Stellan Skarsgard fits right in as John River
Visions & voices, spirits, ghosts, apparitions, “manifests”- whatever you call them, if you do experience them then know this: they are real.
And if you don’t, then know two things: they are real and you’re missing out.
But at least you can now see how it is in a more than half decent dramatisation on TV.
What’s a Swedish detective with an English name doing working for The Met in London? We don’t need to but maybe we will find out because John River is the lead character in a TV series, “River”, now showing in UK but coming to North America soon.
John River’s partner Stevie was recently murdered – but she hangs round to help him figure out who did it – and to cheer him up and have him remember to love to dance.
Meanwhile River follows one suspect who runs away and eventually hops over a high balcony intending to climb down but falls to his demise.
Then, after a long, long day rounded off to a Karaoke bar John gets home, has trouble sleeping and wakes up to find this same dead guy, Riley, sitting on his bed berating him and making it clear he got the wrong guy :
“I didn’t do it.”
“Wot, you want me to sing you to sleep?”
Meanwhile the dead guy’s pregnant girlfriend Tia gets in trouble because, since she’s understandably upset, she “acts out”, takes it out on River, gets taken in for questioning, gets leant on, “acts out” again declines to accede to authority, so inevitably the people in authority get pissed off and wield their authority – and have her sectioned. River visits with her, listens and lets her know she’s ok, if she plays the game- their game a little, she can get out.
“You’re alright Tia. Even as you are you’re alright.”
“Not everyone fits in this world.”
“You can do this.”
.. and he helps her figure a few things out and, as the dead guy Riley, himself, says to River later:
“she’s better off with him“
before he takes his leave and hops off and away over that balcony again, his job done, his last words:
“I only went out for an ice cream.”
River even has a consultant criminologist on his team – former bad guy, Dr Thomas Neill Cream, The Lambeth Poisoner who died in 1892 and about whose trial John River is reading a book. Cream seems less than helpful but does know a thing or two about crooks, cops, crime and killing but mostly about River himself and how to press his buttons:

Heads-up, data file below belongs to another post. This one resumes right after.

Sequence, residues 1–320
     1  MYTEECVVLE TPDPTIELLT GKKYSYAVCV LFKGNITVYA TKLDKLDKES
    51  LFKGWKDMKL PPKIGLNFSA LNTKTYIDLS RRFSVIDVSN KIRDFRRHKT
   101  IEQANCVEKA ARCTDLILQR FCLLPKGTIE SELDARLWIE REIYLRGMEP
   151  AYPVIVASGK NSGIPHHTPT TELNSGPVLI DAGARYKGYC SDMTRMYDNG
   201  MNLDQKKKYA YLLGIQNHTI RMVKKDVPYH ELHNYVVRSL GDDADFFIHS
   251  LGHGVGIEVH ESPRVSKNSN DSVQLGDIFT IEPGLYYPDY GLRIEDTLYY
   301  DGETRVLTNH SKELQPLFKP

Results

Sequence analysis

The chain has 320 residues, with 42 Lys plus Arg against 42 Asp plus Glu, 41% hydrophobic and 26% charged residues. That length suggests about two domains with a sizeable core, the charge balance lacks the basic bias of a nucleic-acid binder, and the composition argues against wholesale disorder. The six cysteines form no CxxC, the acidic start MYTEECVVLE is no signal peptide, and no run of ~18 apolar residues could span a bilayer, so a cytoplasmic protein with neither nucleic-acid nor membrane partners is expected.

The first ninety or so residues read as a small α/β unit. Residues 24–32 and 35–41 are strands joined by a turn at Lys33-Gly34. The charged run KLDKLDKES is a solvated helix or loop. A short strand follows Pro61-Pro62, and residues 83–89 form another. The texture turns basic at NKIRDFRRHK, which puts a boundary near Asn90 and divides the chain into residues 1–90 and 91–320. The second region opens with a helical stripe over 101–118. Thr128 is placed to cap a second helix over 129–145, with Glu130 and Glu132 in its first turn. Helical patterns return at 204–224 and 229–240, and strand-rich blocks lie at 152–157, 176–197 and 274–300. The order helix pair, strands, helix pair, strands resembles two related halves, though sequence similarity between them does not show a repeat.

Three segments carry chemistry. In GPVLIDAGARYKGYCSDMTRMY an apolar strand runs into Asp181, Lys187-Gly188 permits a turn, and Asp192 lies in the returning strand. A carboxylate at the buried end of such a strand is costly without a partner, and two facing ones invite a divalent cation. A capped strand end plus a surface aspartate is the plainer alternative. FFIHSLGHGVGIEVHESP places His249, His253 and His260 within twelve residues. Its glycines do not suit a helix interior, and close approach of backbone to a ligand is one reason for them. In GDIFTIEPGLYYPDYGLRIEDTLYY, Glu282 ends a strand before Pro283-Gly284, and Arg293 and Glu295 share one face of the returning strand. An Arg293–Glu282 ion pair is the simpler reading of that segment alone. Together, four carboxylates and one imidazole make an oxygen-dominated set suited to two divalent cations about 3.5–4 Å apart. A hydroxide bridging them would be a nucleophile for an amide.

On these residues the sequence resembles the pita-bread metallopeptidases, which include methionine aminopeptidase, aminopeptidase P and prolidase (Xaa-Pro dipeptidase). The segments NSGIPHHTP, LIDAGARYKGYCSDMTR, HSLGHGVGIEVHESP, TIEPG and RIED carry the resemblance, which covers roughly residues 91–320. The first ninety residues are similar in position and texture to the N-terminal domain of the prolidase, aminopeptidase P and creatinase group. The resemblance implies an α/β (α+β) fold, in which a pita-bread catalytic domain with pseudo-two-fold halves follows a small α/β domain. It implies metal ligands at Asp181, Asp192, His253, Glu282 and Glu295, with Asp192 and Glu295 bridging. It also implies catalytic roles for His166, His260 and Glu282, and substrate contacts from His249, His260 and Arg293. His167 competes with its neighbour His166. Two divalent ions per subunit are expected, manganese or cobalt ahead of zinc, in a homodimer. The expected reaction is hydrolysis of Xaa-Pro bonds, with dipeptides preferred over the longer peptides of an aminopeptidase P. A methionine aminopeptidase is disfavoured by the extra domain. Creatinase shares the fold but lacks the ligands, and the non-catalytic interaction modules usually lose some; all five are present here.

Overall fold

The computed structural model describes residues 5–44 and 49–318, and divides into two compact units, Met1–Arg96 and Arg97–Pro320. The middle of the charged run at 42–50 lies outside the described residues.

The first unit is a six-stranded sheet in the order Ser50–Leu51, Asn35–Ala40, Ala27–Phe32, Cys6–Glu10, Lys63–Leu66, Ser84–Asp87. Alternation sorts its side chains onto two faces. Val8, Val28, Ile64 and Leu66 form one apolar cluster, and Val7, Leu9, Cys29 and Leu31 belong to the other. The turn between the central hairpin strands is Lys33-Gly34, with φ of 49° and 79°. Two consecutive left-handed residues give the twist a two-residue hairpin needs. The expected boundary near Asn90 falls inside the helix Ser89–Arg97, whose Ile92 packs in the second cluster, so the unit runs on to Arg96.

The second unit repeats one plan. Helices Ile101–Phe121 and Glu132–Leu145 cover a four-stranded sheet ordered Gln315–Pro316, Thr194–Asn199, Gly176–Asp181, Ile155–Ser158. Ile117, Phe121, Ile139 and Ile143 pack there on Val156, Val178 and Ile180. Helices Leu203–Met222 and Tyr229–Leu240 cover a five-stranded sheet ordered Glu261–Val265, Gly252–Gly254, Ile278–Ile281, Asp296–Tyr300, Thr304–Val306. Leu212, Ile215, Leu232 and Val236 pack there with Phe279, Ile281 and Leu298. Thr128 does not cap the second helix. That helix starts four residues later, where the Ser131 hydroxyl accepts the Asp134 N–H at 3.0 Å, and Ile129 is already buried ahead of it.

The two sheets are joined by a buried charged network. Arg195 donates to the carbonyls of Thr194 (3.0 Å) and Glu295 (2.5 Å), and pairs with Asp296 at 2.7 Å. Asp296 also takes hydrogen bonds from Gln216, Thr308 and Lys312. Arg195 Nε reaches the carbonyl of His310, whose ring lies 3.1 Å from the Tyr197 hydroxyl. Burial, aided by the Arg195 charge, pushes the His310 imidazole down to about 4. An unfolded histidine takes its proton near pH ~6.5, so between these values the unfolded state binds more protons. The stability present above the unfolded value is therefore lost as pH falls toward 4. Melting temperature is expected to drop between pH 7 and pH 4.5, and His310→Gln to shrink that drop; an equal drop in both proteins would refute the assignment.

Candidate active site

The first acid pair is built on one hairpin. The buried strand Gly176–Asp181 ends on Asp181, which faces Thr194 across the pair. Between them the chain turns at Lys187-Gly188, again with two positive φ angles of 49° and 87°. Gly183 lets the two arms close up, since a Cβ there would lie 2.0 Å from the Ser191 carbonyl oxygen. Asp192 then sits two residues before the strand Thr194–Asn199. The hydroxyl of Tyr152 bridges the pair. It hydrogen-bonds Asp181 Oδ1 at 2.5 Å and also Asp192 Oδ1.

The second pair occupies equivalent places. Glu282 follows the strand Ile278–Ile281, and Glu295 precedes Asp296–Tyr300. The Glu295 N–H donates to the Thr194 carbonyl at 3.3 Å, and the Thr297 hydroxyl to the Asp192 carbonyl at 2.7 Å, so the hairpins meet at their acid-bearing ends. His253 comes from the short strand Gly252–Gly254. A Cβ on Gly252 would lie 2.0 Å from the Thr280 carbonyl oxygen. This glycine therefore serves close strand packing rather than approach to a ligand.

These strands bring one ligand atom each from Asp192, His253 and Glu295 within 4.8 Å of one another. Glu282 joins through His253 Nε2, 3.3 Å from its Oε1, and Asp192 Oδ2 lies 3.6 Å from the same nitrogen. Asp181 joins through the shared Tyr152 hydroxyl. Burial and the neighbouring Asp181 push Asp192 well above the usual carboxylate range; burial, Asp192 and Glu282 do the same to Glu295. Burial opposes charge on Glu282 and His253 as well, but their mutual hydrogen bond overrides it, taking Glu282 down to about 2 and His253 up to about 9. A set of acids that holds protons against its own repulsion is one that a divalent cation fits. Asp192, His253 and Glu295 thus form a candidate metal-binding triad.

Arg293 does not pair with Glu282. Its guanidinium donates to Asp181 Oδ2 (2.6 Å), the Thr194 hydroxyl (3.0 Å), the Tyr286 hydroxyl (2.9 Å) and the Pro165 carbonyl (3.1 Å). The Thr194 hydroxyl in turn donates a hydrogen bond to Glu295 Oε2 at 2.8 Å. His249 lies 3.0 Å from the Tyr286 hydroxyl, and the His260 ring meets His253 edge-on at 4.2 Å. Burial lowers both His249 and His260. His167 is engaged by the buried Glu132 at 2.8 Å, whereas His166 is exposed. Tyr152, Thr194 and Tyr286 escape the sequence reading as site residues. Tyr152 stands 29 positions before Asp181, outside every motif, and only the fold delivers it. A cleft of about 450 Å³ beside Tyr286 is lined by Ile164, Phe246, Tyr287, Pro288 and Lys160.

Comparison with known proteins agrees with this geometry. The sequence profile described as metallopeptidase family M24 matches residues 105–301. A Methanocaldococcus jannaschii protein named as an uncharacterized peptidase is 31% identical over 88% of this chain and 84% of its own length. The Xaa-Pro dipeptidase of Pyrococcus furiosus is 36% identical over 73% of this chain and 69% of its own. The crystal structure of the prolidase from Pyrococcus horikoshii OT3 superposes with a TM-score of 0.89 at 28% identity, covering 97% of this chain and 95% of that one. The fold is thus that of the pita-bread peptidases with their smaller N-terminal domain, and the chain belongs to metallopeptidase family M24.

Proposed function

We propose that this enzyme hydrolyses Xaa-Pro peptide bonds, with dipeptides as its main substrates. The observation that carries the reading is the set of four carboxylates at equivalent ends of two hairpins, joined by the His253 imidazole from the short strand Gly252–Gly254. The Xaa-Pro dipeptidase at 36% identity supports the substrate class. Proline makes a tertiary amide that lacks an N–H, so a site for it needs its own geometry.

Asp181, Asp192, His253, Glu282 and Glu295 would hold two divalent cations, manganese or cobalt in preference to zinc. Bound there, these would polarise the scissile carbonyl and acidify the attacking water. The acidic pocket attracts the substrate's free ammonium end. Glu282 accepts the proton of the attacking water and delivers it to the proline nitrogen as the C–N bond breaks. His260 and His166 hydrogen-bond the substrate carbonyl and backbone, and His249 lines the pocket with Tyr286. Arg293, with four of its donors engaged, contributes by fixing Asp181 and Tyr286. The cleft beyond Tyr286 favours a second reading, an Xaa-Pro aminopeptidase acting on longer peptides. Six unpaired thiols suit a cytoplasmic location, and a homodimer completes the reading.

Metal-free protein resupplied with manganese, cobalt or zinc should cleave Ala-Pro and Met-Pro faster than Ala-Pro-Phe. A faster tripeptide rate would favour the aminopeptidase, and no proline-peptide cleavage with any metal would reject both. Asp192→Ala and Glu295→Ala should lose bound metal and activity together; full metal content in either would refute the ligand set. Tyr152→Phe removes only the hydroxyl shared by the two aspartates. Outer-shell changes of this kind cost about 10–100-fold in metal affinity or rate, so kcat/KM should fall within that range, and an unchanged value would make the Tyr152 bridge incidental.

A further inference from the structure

“I am you. I am your darkest side”.
Now, if you think this is a bit to far fetched then see here about the Guardian’s exploration with readers on the range of experiences people report the many and diverse experiences people have whilst reading: from hearing a narrator to hearing the voices of characters and seeing them come alive when they read the words off the page, including those report they get none of that – and feel they miss out.
I find they are more honest
Despite getting along better with the ghosts, spirits, voices, or whatever you call them- or as River calls them: “manifests” – than the humans in his life,
“I find they’re more honest”
John River does finds one person who gets it, gets him.
The police psychologist being leant on by the top-brass to deem him unfit for service actually understands and offers to help him learn to trust other humans again. As part of that she invites him to a group that she runs: “Living With Voices” the flyer says, she describes it as
“A safe space to talk to the voices,
see them for what they are”.
The writing is top notch, the cinematography gloomy yet beautiful, the acting is stellar and not just from Stellan Skarsgard but everyone, including the manifests- or whatever you call them.
When asked “how long do they stay?”
John River replies…
“They stay as long as long they need to stay and then they go away.”
“All writers hear voices or you can’t write dialogue” – Ray Bradbury
Writer Abi Morgan says the inspiration comes from her own experience – “I realised I have other people in my head and what a comfort they are to me.”
“I know from myself, I talk out loud. I’ve got children and they say to me ‘mummy, you talk to yourself all the time’. I realised how much I do have other people in my head and what a comfort they are to me. It’s not just about those who experience voices through mental health, it’s the voices we carry from our past, our future or experiences, that we manifest and I hope that’s something that an audience will identify with.”
Interview with Abi Morgan: http://www.bbc.co.uk/blogs/writersroom/entries/d4fdcdcc-fea8-438f-8830-1e9c93182703